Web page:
Public Lands

Rand Paul and the Environment (Take 2)

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Guess what: he's no friend of the environment.

Yesterday I posted a confused discussion of Paul’s environmental views. (Probably due to brain lock from spending  too many hours puzzling over the numerical examples in EME Homer!) I wanted to replace it with a clearer description of his views, so I pulled it from the website.  Let’s try this again. This first thing to know about Senator Paul is […]

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Wild horses and the goals of nature protection

Feral horses at Sheldon National Wildlife Refuge, NV. (Photo by Gail Collins / USFWS)

A petition to list wild horses as endangered or threatened highlights questions about what our conservation laws should protect

  Friends of Animals and The Cloud Foundation have filed a petition seeking listing of the wild horse in the American west as an endangered or threatened species. Given that, according to the petition itself, there are currently some 34,000 wild horses on public lands in the west (with other estimates closer to 50,000), listing […]

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The Wilderness Act and climate change

Changing the Wilderness Act to respond to climate change is a terrible idea

The Wilderness Act is one of the iconic pieces of environmental legislation, and it is 50 years old this year. It created a process and management standard by which millions of acres of relatively undeveloped federal land were protected from development and most forms of active human management. These lands are to be managed, as […]

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Commemorating the Yosemite Grant Act

National Park Service historic photo collection.

150 years ago, Yosemite Valley was set aside for public use and recreation

We’re a little bit late on this one, but can’t let it pass completely unacknowledged. And actually the timing is perfect — when better to commemorate the national parks, famously called by Wallace Stegner (and later Ken Burns) “America’s best idea” then on Fourth of July weekend? 150 years ago this week, President Lincoln signed […]

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Addressing Climate Change Without Legislation

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A new report from UC Berkeley looks at the underused powers of the US Department of the Interior.

Now that the Environmental Protection Agency has announced its proposed rules for restricting greenhouse gas emissions from existing power plants, the climate focus of EPA and the states will first be on polishing the rules for final approval, then on the anticipated law suits, and then on the development of state plans to meet the […]

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U.S. Supreme Court Deals Blow to National Rails-to-Trails Movement

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Justices Hand Property Owners Another Important Win, With Public Access the Loser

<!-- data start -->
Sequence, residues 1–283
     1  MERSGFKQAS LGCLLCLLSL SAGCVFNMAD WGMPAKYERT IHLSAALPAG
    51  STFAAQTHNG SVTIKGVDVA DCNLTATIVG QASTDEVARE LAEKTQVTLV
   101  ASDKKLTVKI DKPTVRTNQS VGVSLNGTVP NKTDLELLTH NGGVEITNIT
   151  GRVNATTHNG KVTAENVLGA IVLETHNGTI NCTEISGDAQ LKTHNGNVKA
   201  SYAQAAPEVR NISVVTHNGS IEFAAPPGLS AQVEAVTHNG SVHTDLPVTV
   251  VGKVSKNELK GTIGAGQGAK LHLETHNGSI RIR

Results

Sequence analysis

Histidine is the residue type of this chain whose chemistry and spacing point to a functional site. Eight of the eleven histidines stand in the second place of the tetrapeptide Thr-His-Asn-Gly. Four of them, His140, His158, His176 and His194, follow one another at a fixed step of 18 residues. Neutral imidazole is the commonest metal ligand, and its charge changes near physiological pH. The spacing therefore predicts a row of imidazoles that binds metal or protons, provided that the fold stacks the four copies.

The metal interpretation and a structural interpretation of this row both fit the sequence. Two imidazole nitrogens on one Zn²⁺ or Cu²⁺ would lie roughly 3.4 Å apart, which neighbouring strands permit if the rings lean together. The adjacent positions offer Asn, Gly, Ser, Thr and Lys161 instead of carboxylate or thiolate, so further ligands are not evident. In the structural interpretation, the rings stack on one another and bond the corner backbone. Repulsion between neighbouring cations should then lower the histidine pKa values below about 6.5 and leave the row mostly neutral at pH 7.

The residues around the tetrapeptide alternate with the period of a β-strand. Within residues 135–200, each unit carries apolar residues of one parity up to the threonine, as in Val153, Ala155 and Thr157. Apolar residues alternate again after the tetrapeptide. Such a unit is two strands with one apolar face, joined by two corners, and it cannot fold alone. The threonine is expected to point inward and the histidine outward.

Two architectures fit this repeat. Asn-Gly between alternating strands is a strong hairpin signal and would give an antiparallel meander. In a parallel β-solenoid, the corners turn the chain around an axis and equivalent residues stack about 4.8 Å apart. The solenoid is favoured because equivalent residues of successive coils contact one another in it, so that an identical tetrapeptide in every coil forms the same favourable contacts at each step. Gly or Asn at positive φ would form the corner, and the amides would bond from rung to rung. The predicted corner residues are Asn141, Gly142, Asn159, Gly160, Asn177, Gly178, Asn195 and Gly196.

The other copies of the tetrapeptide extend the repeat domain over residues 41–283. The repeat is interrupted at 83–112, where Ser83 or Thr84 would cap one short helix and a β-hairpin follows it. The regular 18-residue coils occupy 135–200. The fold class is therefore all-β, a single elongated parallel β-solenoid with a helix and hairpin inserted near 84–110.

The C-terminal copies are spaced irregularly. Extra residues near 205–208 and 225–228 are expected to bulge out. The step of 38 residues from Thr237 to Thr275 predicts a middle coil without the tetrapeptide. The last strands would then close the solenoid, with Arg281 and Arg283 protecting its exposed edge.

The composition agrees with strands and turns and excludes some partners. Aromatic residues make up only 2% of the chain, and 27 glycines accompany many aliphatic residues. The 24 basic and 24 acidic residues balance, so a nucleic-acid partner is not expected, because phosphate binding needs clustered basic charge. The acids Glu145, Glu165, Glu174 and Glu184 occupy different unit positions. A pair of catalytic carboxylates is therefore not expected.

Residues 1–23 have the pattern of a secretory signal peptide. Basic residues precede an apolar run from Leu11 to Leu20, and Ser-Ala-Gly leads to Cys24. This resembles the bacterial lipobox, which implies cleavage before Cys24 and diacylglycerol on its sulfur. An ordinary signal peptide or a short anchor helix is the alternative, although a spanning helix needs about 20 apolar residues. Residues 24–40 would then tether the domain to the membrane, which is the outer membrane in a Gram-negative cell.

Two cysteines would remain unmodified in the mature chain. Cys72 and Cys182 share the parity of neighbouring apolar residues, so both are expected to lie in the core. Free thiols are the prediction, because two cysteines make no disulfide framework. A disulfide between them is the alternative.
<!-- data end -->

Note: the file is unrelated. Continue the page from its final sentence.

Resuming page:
Some U.S. Supreme Court decisions blow through American jurisprudence like a hurricane. Others slip into the law books quietly, like the proverbial cat’s paws. Today’s Court decision in Marvin M. Brandt Revocable Trust v. United States falls into the latter category: largely overlooked by Court followers and the media, but with the potential to have […]

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In Memoriam: Joseph L. Sax, Gentleman, Scholar, Giant of Environmental Law

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Visionary environmental advocate will be sorely missed, long remembered.

[Posted on behalf of all Legal Planet authors at Berkeley Law.] It is with great sadness that we share the news of the passing of Joseph L. Sax, James H. House and Hiram H. Hurd Professor of Environmental Regulation (Emeritus) at Berkeley Law. Joe was our hero, our teacher, our mentor, our colleague, our friend. […]

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How Legalizing Marijuana Could Help Fight Climate Change

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The link between indoor grow operations and energy data

Now that the two states that just legalized marijuana sent their football teams to the Superbowl this year, it’s clear that the stars are aligning for legalizing marijuana nationwide. Sure, legalizing marijuana makes fiscal, moral, and practical sense, but what about the benefits to the environment? Well, it turns out that even the fight against […]

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Pine Beetles, Environmental Law, and Climate Change Adaptation

Inflexible laws may be the best response to climate change

Anyone who lives or has visited the Intermountain West over the past decade or so has noticed the devastating impact of a mountain pine beetle epidemic on the pine forests from Arizona and New Mexico all the way up to British Columbia and Alberta.  As a result of warmer winter weather because of climate change, […]

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